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LAMMP Seminar Video
Photosensitization with tetrapyrroles within the confined medium of a biological membrane
Benjamin Ehrenberg, PhD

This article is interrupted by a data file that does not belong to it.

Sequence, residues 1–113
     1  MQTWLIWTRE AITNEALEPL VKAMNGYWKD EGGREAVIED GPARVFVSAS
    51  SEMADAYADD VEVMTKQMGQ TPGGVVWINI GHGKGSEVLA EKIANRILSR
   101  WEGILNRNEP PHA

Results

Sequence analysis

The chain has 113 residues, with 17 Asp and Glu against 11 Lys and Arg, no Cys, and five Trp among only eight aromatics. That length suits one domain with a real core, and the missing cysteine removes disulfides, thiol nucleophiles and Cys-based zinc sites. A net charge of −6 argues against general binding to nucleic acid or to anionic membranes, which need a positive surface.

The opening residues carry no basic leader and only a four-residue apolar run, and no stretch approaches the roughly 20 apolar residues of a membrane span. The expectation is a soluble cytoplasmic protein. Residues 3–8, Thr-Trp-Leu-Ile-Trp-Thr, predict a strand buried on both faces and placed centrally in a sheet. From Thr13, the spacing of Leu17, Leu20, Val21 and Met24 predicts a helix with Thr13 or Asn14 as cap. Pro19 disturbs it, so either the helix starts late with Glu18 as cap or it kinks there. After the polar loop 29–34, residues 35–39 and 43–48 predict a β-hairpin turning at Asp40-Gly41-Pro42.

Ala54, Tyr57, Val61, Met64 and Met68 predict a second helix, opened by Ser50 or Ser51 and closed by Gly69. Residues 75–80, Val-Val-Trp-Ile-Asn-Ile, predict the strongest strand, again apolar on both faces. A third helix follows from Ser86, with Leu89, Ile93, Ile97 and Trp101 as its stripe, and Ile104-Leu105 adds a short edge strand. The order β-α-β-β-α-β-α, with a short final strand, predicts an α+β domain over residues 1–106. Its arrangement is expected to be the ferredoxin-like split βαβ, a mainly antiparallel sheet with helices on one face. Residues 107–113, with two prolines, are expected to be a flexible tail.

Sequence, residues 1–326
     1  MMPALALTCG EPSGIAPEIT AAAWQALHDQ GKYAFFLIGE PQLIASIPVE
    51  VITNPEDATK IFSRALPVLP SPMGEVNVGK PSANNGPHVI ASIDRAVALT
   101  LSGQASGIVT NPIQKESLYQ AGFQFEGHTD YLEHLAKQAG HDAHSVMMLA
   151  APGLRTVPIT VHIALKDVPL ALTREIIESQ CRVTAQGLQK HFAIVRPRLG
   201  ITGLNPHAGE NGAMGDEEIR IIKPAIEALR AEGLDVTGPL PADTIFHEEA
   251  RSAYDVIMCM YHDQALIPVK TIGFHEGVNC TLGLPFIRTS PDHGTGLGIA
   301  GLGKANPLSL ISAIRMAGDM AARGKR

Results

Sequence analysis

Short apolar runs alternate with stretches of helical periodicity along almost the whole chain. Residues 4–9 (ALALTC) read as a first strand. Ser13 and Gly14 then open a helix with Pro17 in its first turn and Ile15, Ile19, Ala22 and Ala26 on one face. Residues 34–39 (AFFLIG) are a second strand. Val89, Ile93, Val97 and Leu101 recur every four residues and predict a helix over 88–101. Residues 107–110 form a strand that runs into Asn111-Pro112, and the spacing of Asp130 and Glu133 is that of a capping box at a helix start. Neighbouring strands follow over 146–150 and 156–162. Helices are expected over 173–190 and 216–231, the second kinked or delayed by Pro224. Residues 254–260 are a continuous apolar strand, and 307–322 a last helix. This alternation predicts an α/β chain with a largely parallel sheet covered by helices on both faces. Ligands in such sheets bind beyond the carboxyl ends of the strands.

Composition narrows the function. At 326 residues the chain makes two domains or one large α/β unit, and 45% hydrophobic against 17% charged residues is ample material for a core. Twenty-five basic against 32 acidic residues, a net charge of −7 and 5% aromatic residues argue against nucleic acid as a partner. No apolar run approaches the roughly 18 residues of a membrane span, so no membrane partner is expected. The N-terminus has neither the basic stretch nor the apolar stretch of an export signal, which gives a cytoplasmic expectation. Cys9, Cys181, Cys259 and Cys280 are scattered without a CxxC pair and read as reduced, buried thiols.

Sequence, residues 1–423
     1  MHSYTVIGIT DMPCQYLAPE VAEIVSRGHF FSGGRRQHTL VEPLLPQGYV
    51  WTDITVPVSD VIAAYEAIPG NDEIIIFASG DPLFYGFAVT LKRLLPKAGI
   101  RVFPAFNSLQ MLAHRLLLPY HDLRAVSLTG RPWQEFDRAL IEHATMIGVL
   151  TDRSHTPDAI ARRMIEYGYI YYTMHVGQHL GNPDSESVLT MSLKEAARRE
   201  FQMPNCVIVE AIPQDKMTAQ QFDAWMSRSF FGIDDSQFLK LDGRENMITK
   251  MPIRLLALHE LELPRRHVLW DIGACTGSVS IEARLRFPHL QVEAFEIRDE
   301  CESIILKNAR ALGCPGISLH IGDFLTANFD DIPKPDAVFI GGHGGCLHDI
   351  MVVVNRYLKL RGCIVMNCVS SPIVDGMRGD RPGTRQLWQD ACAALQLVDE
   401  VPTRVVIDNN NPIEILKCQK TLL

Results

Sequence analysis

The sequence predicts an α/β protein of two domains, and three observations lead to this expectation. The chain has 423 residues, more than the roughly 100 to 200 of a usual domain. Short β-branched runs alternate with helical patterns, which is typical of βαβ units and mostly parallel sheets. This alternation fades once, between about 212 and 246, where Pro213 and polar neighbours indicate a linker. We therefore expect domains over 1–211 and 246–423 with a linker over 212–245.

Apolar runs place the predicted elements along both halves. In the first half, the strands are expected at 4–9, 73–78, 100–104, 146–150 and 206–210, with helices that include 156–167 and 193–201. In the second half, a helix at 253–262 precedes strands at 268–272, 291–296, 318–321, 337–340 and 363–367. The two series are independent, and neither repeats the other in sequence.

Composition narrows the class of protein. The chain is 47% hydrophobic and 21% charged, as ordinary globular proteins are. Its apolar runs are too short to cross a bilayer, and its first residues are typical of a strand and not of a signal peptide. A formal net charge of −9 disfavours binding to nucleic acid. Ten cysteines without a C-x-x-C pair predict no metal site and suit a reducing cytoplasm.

Hydrophobic or amphiphilic tetrapyrrole sensitizers are taken up by cells and are usually located in cellular lipid membranes. Singlet oxygen is photogenerated by the sensitizer and it diffuses in the membrane and causes oxidative damage to membrane components. In this talk I shall describe two aspects of the localized photochemistry that is occurring in the confined membrane’s medium. Singlet oxygen’s intrinsic lifetime in the membrane is 15-35 µs, depending on the constituting lipids, while its lifetime in H2O is 3 µs. Therefore, any oxidative damage that singlet oxygen might cause to membrane proteins or lipids, must occur while it diffuses in the membrane, before escaping out of the lipid phase. Thus, the efficiency of photosensitization depends, among others, on the vertical location of the sensitizer in the membrane. We employed several classes of tetrapyrrole sensitizers (porphyrins, chlorins, phthalocyanines and porphyrazines), that were modified to alter their hydrophobicities and their insertion modes into membranes. We studied the consequential effect of the molecular structures and their membrane topography on the effective damage that is caused to membrane components. The uptake of the sensitizers by membranes, their intra-membrane locations and the kinetics of damage were determined by spectroscopic methodologies, including fluorescence quenching by iodide, the parallax method for fluorescence quenching and fluorescence resonance energy transfer (FRET). Depth effects were clearly observed in artificial membranes, but also in cells in vitro. The oxidative damage that is inflicted by the photosensitization process can occur to two classes of targets in the membrane: lipids and proteins. Depolarization of the Nernst electric potential on cells' membranes has been observed in cellular photosensitization, but it is not clear whether lipid oxidation is a relevant factor leading to abolishing the resting potential of cells' membranes and to their death. We studied the effect of the membrane’s lipid composition on the dissipation of the electric potential that is generated across the membrane. We employed electrochromic membrane probes that have a high fluorescence signal response to the potential. We found a correlation between the structure and unsaturation of lipids and the leakage of the membrane, following photosensitization. As the extent of non-conjugated unsaturation of the lipids is increased from 1 to 6 double bonds, the kinetics of depolarization become faster. When liposomes are composed of a mixture similar to that of natural membranes, and photosensitization is being carried out under usual PDT conditions, photodamage to the lipids is not likely to cause enhanced

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